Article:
That Little Aleph
Find yourself a little humility
The first word of Parshat Vayikra, the portion that opens Leviticus, is unsurprisingly Vayikra. But when you look at it in a Torah scroll, you’ll notice that the aleph at the end of the word looks very different, as it’s in much tinier printing than the other letters.
“And God spoke to Moses”-a seemingly innocuous sentence, once that is repeated over and over again in the Torah. Yet, beneath its surface, there is something much more meaningful going on. There are a number of small letters in the Torah. Each of them in their minimized form contain an immense amount of rabbinic commentary because hey, what’s the more rabbinic than coming up with 100 interpretations based on one small letter?
In our case here, I want to share with you a teaching of the Ba’al Haturim, Rabbi Jacob ben Asher from medieval Spain. In this verse, he claims this aleph is an allusion to an intimate conversation that Moses and God shared as Moses was transcribing God’s Torah.
God was dictating the text of the Torah to Moses. When he arrived at the words in question, “And then God called to Moses,” Moses hesitated.
"Who am I that God should call me?” asked Moses.
Moses emended God’s words to read vayikar - ויקר.
Leaving off the aleph changes the meaning from “And then God called to Moses” to “And then God happened upon Moses,” as if by coincidence. According to this teaching, Moses, in his abundant humility, wanted posterity to assume that it was a chance occurrence that God called to him and not some special designation.
But God insisted that Moses write the aleph. For God, it was important that generations know that God called Moses. Moses, in his abundant humility, asked permission to write this alef smaller than all the other alefs in the Torah. Thus, the aleph we see in the text is a compromise between the two positions.
Our sage Moses, the paragon of humility embodies it right here. Even though he has the whole backing of the book of Exodus and his long and arduous journey to support him, he doesn’t want people to think that he is, any way, special or overly chosen for this role. Or perhaps he’s battling his own ego a bit and needs the reminder that all of this could just be by happenstance.
With perfect balance, we too need to strive for this. To make space for godliness in our lives, we need to diminish the “aleph” that is our own ego. The “I” that gets in the way of serving “You.” So often our own obsession with the self impedes on our ability to serve others. We live in a culture of selfies and the celebration of individualism. We celebrate and reward certified egomaniacs in our celebrity culture and in our politics. Moses’ story reminds us that the key to his leadership was his humility. That’s what made him qualified to be called.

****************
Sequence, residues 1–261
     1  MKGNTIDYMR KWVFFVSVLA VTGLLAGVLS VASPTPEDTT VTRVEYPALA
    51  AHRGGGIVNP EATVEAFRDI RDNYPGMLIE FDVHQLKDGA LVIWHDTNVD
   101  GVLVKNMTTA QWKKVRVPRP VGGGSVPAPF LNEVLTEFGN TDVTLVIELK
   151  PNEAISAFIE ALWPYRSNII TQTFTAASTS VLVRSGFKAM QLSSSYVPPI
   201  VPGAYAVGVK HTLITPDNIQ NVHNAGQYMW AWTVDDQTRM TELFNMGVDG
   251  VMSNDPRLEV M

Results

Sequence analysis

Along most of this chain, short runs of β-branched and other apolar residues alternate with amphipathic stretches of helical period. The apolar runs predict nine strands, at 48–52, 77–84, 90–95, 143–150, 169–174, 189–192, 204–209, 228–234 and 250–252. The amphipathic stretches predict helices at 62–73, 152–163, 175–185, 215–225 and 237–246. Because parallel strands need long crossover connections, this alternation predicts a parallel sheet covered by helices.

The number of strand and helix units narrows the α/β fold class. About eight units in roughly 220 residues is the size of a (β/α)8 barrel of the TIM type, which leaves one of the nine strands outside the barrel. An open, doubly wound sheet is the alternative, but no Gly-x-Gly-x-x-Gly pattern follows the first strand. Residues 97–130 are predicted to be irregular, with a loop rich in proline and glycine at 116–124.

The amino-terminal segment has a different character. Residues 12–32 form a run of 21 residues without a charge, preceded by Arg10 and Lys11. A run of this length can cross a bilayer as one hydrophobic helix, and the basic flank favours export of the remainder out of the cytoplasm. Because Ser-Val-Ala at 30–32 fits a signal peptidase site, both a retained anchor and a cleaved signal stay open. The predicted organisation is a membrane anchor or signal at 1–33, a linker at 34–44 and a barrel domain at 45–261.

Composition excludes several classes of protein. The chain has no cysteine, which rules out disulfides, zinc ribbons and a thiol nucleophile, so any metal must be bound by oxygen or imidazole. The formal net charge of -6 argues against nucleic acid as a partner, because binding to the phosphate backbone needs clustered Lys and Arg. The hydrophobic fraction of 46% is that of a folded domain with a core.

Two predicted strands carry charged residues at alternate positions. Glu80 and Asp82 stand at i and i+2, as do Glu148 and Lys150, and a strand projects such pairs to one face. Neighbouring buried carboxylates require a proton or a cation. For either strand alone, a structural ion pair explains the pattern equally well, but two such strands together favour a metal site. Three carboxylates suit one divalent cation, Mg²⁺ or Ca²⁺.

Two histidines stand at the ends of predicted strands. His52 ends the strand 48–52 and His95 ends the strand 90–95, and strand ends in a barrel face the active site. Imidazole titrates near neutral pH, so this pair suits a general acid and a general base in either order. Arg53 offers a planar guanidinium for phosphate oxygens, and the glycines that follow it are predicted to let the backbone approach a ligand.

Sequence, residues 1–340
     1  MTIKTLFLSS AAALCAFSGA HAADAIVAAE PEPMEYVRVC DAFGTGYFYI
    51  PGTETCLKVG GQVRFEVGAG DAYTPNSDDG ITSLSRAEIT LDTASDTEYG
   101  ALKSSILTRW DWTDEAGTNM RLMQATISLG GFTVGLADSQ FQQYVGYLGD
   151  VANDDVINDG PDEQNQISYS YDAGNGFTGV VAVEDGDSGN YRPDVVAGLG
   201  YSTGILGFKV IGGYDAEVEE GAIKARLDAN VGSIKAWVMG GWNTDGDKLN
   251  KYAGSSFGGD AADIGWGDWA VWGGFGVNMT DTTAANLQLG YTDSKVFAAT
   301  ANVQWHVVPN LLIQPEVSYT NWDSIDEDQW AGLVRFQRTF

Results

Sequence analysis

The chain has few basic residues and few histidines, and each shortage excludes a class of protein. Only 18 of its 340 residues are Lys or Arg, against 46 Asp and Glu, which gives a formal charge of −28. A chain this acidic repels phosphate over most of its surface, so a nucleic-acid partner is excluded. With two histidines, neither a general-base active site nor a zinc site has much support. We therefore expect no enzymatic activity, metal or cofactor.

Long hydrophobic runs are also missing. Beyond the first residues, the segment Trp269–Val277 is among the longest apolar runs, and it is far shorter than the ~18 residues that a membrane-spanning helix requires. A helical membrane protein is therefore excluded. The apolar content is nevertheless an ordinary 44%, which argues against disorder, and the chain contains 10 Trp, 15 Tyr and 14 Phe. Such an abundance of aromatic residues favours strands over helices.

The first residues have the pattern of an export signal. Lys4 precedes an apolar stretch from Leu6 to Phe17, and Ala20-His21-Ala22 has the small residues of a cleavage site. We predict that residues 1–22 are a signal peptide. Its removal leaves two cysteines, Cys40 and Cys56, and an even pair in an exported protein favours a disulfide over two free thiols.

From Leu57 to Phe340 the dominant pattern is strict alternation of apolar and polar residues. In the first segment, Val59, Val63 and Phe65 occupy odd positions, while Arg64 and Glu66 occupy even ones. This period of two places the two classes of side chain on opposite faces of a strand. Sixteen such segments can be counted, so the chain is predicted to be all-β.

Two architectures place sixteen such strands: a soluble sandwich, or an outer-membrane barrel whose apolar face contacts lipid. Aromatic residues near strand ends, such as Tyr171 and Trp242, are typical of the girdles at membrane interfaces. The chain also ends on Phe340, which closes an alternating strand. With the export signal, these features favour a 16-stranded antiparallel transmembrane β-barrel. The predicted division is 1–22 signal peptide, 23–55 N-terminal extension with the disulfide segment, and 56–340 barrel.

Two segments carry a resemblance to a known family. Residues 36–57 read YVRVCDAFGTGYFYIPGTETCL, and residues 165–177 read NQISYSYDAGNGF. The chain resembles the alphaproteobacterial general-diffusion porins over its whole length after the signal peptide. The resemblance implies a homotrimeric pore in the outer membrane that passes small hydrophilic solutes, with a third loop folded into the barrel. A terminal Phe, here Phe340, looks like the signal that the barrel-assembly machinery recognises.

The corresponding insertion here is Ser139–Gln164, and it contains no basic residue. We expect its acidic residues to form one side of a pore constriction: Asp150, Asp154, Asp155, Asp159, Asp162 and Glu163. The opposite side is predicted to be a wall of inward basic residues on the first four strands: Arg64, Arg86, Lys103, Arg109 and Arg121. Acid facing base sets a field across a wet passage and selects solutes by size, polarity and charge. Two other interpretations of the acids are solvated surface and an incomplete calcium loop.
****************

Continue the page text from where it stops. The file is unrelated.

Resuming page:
Yet, the second part, where God and Moses compromise is the crucial pivot point and also where it gets sticky, because becoming overly humble can also be dangerous.
To remove yourself, the essence of who you are, from your being is problematic and God knows this at the moment. God didn’t allow Moses to deny his critical role in being God’s partner in this world. God cannot go it alone. The almighty, the Holy Blessed One, needs something from us. This is what Heschel calls the
"mysterious paradox of faith - God is pursuing man….It is as if God were unwilling to be alone, and God has chosen man to serve."
We are essential partners in God's plan.
This is the duality in which we live. We remind ourselves that who we are shouldn’t be the only thing we ever focus on. The other side of the coin though is to remind ourselves that we were put into this world to partner with the Divine.
As Rabbi Bunim of P'shiskha tells, everyone should have two pockets, each containing a slip of paper. On one should be written: I am but dust and ashes, and on the other: The world was created for me. From time to time we must reach into one pocket, or the other. Some moments call for us to be like Moses and attempt to truly find humility, a sense of diminished self. Before you go too far, remember that God is there, gently prodding you to add in your aleph that you can announce to the world.
Shabbat Shalom and Happy Weekend